> foreach slot_used {
    > send ,
    > wait for response including linefeed,
    > send // to deselect the current slot
    > }
    > }
    >
    > ~30 slots used.
    > I never had any latency problems.


    Some times ago we had made some tests with some serial-to-USB converters
    which are connected to the PC via USB and provide a serial port to which
    serial devices can be connected. We have been using our GPS receivers which
    send a serial time string once per second as soon as possible after a
    second changeover. The jitter of the serial output is 1 bit time depending
    on the baud rate, i.e. ~52 microseconds @ 19200.

    Some of the tested devices introduced a very low latency whereas others
    indroduced a much higher latency. So this depends in fact on the maybe the
    chip set and in any case the driver/firmware used for the converter.

    > Thus my guess is that these latency may lie in the firmware running
    > on the sirf chipset.


    Of course, if the firmware already inserts some latency then the
    serial-to-USB converter is not to blame and can not eliminate it.

    Martin
    --
    Martin Burnicki

    Meinberg Funkuhren
    Bad Pyrmont
    Germany

  7. Re: GPS clock for Linux

    Hi Martin,

    Martin Burnicki wrote:

    > Some times ago we had made some tests with some serial-to-USB converters
    > which are connected to the PC via USB and provide a serial port to which
    > serial devices can be connected. We have been using our GPS receivers which
    > send a serial time string once per second as soon as possible after a
    > second changeover. The jitter of the serial output is 1 bit time depending
    > on the baud rate, i.e. ~52 microseconds @ 19200.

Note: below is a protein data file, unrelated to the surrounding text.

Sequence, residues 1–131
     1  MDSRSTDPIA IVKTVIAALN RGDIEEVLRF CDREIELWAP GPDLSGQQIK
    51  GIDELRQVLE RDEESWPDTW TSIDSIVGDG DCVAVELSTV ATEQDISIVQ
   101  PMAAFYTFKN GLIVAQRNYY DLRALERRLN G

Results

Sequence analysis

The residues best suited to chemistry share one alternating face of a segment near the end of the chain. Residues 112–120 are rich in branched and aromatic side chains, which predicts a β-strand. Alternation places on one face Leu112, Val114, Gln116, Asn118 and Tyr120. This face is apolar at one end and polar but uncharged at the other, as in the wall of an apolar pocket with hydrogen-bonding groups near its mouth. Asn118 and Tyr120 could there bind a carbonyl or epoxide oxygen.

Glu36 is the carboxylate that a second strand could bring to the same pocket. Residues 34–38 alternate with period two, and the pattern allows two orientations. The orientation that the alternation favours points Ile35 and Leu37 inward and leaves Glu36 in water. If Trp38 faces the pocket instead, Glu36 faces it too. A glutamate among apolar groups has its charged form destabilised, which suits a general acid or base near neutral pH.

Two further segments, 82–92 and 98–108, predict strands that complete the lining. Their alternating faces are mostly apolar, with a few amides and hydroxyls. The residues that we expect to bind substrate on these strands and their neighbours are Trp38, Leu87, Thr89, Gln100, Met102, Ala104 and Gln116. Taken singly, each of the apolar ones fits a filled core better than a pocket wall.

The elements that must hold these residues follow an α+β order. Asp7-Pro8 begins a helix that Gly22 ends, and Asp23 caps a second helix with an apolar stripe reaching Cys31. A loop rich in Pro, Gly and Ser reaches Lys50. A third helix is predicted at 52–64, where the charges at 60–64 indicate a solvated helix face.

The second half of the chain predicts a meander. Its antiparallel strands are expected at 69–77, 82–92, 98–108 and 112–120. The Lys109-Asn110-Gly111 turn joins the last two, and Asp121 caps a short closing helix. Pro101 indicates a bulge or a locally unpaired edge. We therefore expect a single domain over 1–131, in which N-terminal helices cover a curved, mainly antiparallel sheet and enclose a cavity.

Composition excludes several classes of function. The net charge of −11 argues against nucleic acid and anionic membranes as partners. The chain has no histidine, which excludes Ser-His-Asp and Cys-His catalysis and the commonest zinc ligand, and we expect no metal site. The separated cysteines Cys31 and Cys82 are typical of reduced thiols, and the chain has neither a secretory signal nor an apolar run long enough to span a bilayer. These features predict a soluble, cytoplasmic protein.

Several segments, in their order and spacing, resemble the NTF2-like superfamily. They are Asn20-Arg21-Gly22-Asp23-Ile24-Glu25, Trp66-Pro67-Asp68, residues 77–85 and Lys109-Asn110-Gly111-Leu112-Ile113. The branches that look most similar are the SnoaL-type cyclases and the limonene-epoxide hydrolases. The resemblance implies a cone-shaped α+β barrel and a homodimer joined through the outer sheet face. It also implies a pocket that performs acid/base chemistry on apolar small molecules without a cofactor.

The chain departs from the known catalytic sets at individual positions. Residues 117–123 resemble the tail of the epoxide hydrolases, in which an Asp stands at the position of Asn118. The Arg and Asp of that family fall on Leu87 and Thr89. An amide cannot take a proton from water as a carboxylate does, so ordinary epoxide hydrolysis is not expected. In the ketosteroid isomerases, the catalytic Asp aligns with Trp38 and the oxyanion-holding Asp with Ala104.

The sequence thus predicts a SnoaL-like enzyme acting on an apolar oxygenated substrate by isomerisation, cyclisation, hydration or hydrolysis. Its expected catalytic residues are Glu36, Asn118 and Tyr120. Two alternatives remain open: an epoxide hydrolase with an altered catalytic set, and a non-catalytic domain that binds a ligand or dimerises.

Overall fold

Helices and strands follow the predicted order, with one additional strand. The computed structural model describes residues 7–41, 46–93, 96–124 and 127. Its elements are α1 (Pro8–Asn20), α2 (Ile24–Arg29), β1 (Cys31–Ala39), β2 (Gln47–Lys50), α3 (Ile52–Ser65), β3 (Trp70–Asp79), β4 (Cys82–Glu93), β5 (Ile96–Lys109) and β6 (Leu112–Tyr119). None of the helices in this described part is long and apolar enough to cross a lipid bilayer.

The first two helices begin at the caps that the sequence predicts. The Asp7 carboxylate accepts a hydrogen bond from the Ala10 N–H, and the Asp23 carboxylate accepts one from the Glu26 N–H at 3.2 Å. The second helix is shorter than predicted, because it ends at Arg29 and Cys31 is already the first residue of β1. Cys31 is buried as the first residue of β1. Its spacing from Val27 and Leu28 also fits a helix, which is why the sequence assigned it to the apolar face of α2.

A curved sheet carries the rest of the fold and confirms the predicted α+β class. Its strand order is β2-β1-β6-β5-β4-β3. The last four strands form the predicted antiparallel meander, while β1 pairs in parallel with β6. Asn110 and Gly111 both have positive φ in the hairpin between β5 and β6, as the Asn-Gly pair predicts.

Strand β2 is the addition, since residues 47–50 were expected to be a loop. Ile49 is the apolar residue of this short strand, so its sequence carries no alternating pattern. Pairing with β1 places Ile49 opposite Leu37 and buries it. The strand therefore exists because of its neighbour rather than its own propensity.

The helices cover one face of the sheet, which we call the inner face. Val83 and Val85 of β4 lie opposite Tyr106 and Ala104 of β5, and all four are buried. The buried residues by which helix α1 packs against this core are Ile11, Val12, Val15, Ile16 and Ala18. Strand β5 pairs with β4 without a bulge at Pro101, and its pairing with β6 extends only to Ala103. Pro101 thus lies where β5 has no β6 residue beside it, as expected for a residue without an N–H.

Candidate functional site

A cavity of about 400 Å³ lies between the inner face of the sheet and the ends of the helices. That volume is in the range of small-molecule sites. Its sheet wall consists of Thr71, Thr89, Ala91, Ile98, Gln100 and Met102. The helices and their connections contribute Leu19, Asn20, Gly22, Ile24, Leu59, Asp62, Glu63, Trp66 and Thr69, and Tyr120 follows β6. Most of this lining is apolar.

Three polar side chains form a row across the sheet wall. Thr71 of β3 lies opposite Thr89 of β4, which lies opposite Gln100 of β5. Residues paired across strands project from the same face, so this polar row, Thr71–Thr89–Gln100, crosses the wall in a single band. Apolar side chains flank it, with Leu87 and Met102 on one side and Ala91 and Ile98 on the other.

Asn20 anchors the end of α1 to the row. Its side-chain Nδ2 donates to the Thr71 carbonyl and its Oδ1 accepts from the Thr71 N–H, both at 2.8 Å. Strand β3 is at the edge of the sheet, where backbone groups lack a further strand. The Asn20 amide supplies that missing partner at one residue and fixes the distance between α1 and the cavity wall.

Yes, if one needs further improvements one would try to sync the baudrate
    generator to the pps clock. with some tricks in the sending routine
    one then could transmit in a coherent fashion.
    Though you still retain the receiver uncertainty ( 1/16.. 1/64 of a baud cycle
    depending on async receiver used )
    >
    > Some of the tested devices introduced a very low latency whereas others
    > indroduced a much higher latency. So this depends in fact on the maybe the
    > chip set and in any case the driver/firmware used for the converter.

    Have you got vendor/product Id pairs for those? on windows/linux/bsd/* ?
    I'd be interested in related information.
    >
    >
    >>Thus my guess is that these latency may lie in the firmware running
    >>on the sirf chipset.

    >
    >
    > Of course, if the firmware already inserts some latency then the
    > serial-to-USB converter is not to blame and can not eliminate it.
    >
    > Martin

    uwe

  8. Re: GPS clock for Linux

    Brian Utterback wrote:
    > So, apparently not entirely useless. Using USB as a power source is
    > getting to be highly popular. Witness the number of cup warmers, fan,
    > etc. on the market. As long as you don't try to read the signal via USB,
    > it should be okay.
    >
    > One thought occurs to me. Would it work to have the PPS signal go to a
    > serial port but the actual NMEA sentences be read via USB? It seems to
    > me if the total jitter of the USB still kept the snetences timing within
    > half a second it would work.


    Sure, that should work, except that if you do have a serial port to